“Me Talk Pretty One Day” By David Sedaris
From his book Me Talk Pretty One Day
At the age of forty-one, I am returning to school and have to think of myself as what my French textbook calls “a true debutant.” After paying my tuition, I was issued a student ID, which allows me a discounted entry fee at movie theaters, puppet shows, and Festyland, a far-flung amusement park that advertises with billboards picturing a cartoon stegosaurus sitting in a canoe and eating what appears to be a ham sandwich.
I’ve moved to Paris with hopes of learning the language. My school is an easy ten-minute walk from my apartment, and on the first day of class I arrived early, watching as the returning students greeted one another in the school lobby. Vacations were recounted, and questions were raised concerning mutual friends with names like Kang and Vlatnya. Regardless of their nationalities, everyone spoke what sounded to me like excellent French. Some accents were better than others, but the students exhibited an ease and confidence that I found intimidating. As an added discomfort, they were all young, attractive, and well-dressed, causing me to feel not unlike Pa Kettle trapped backstage after a fashion show.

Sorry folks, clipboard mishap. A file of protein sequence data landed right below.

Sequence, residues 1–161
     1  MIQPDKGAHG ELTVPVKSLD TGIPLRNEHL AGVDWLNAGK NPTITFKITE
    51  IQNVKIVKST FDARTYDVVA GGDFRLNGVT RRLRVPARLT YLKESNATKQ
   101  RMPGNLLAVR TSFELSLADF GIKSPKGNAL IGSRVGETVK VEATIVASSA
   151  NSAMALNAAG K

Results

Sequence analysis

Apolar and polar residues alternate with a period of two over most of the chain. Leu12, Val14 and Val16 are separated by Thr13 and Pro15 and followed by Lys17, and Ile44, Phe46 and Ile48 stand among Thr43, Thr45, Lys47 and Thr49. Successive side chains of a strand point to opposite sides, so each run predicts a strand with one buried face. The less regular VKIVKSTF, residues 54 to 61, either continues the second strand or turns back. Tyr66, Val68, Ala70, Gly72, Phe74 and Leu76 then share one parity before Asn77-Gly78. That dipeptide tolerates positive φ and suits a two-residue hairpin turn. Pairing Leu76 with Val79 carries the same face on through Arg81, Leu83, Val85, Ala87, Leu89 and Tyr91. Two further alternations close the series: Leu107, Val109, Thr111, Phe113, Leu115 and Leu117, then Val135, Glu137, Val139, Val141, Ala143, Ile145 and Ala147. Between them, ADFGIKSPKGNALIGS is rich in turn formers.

The first day of class was nerve-racking because I knew I’d be expected to perform. That’s the way they do it here – it’s everybody into the language pool, sink or swim. The teacher marched in, deeply tanned from a recent vacation, and proceeded to rattle off a series of administrative announcements. I’ve spent quite a few summers in Normandy, and I took a monthlong French class before leaving New York. I’m not completely in the dark, yet I understood only half of what this woman was saying.
“If you have not meimslsxp or lgpdmurct by this time, then you should not be in this room. Has everyone apzkiubjxow? Everyone? Good, we shall begin.” She spread out her lesson plan and sighed, saying, “All right, then, who knows the alphabet?”
It was startling because (a) I hadn’t been asked that question in a while and (b) I realized, while laughing, that I myself did not know the alphabet. They’re the same letters, but in France they’re pronounced differently. I know the shape of the alphabet but had no idea what it actually sounded like. Continue reading